When Noad Corley (1918-2000) is inducted into the Hall of Fame next month, he’ll be listed among many industry friends — including Bill Spitz, Class of 2006.
“At every meeting, Noad stood out,” recalls Spitz of Corley’s industry heyday from the 1940s to 1990s. “He was among the first to look like a professional businessman instead of just the stereotypical ‘bug man.’ His suit was always neat, and he wore a stylish hat. He was a credit to our industry, and I’m proud to say I knew him.”
The three sons of another Hall of Famer, Bob Jenkins Sr. (Class of 2005), also have fond memories of Corley, who was president and founder of Corley Pest Control in Dallas. Like the Jenkins family, Corley and his late wife, Frances, were active in both the Texas Pest Control Association (TPCA) and National Pest Management Association (NPMA, known back then as NPCA).
“Noad was the only person to serve as TPCA president on two separate occasions,” says Jenkins’ oldest son, Bobby, president of ABC Home & Commercial Services in Austin, Texas. “In addition, I have never seen anyone work harder to sell NPMA memberships. No matter who he was talking to, he was trying to communicate the value of NPMA and give a personal testimonial about the value of membership.
“The other thing I always admired was that, even after his terms in leadership had long passed, he continued to participate and contribute to TPCA and NPMA,” Bobby continues. “I have always respected his dedication to both organizations, and I found his willingness to continue to stay connected and involved to be inspirational.”
The youngest of Bob Jenkins’ sons, Dennis, president of ABC Home & Commercial Services in Dallas, says he was always impressed by the Corleys’ friendliness and sense of fun. At industry functions, he says, “you could always count on when the music started, Noad and Francis would be out cutting a rug. They were good dancers and fun to watch.”
Jenkins’ middle son, Raleigh, president of ABC Home & Commercial Services in Houston, keeps it simple: “We loved them both very much.”
Hall of Famer Norm Cooper (Class of 1999) was delighted to learn Corley was finally getting inducted: “He did so much for this industry. He was all about getting pest controllers trained on the technical and business sides.”
Corley started in the industry as a young man, working for Elo Exterminators in Dallas. When he was drafted into World War II shortly after marrying in December 1943, the Army staff sergeant was stationed in a bunker off the San Francisco coast, translating Morse code for submarines, while Frances worked nearby in the shipyard.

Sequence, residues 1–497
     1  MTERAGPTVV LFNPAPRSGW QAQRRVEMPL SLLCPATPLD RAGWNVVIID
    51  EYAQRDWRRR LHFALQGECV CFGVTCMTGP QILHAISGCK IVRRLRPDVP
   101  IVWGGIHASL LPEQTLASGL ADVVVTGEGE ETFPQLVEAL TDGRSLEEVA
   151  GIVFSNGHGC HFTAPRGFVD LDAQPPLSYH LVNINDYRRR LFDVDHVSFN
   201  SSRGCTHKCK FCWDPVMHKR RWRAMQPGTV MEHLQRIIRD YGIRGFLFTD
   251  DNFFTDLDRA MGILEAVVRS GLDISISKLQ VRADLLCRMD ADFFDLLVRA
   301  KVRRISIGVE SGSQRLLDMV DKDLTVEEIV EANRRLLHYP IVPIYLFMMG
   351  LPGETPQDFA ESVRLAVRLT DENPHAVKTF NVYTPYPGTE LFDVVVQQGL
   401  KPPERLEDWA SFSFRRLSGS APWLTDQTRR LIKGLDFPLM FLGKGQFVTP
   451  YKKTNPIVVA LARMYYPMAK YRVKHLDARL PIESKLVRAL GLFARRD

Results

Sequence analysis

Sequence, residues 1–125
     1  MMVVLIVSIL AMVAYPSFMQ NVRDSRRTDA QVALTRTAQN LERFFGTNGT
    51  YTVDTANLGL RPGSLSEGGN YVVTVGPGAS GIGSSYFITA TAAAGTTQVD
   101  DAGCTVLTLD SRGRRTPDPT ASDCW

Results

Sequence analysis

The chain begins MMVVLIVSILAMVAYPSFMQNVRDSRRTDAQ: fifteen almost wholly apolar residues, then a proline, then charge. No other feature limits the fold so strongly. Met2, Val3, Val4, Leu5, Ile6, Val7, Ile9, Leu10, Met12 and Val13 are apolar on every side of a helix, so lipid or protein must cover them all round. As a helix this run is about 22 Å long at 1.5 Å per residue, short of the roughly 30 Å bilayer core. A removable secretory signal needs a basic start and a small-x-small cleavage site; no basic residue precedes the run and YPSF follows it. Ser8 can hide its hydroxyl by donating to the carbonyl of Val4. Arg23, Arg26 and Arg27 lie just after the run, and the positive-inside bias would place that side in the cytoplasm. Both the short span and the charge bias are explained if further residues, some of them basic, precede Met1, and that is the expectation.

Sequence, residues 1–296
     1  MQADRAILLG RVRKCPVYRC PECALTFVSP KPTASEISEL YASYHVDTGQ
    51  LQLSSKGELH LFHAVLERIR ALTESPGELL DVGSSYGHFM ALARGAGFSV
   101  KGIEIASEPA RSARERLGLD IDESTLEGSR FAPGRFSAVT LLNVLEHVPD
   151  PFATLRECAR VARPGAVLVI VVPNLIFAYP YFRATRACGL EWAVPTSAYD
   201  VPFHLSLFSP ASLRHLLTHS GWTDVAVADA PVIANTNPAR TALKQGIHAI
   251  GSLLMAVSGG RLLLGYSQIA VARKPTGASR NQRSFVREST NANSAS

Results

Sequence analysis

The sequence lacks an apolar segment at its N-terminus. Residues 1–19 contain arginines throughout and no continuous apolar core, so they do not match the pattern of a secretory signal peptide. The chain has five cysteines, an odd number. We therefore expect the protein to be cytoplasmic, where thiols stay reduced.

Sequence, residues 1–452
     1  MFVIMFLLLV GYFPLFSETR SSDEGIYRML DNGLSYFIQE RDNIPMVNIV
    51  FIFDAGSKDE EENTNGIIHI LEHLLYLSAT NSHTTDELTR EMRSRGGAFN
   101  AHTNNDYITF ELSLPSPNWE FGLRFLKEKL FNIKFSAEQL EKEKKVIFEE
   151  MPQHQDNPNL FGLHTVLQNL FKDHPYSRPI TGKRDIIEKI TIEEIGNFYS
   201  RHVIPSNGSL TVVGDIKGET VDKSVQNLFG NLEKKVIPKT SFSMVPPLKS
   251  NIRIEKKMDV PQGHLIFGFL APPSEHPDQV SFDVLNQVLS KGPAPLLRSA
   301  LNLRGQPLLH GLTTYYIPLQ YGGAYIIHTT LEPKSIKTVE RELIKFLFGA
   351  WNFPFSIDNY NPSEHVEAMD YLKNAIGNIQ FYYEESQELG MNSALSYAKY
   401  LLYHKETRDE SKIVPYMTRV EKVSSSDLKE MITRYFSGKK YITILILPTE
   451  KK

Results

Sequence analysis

“Mom gave him a quarter a day from her pay, probably enough for cigarettes or a Coke,” daughter Debbie Gann recalls. “The rest she socked away, and when Daddy got out of the Army, that became the down payment on Corley Pest Control.”
The Corleys were in business from 1947 until his 1993 retirement.
“I remember Dad got Mom a really long extension cord for the phone, so she could set it on the windowsill and take pest control appointments over the phone while she was outside hanging the laundry,” Gann says with a laugh, noting the backyard would be quieter than the house full of her and siblings James, Nancy and Bobby.
Gann and her husband, Pat, continue in the industry today as co-owners of Gann’s Pest & Termite Control in Keller, Texas. Pat Gann had worked for his father-in-law for five years.
“You could say I learned from the best,” he says.
While known for his member recruiting, Corley also believed strongly in education and training. He was the creator and driving force behind the NPCA Bird Control Manual. In addition, Corley put the time and work into association leadership, including two terms each as president of the TPCA and Greater Dallas Pest Control Association (GDPCA). He also sat on the Texas Pest Control Board and the NPCA board of directors. In recognition of his work, he was granted lifetime NPCA membership.
Errol Cohen, director of sales and marketing of Bizzy Bees Pest Control, Carrollton, Texas, knew Corley during his later years.
“He was quite the character, yet an excellent pest controller,” recalls Cohen, who is a past president of TPCA and GDPCA. “He always had humorous stories to tell, and was committed to improving our industry.”
Tom Wright, son of Hall of Famer Bud Wright (Class of 2000) and managing director of Pest Pro Academy, Dallas, kept in contact with Corley after the latter’s retirement. The pair had lunch together about once a month, and Wright recalls one of Corley’s favorite stories.
“When DFW first opened,” Wright begins, referencing the 43-year-old Dallas/Fort Worth International Airport, “Noad had the bird contract for it. Security was pretty lax back then, and he was usually free to do his work without interference. But one day, while he was working at the control tower, he went to open a door and a SWAT team surrounded him, demanding to know his clearance and what he was doing there. Boy, was he surprised!”
Spitz, whose wife, Joan, was close to Frances Corley, says he still misses his friend today. He believes the industry had a true treasure in Noad Corley.
“You could always depend on him doing what he’d say he’d do, which is particularly important in association leadership. He was definitely one of the good guys in the industry.”
You can reach Heather Gooch at firstname.lastname@example.org or 330-321-9754.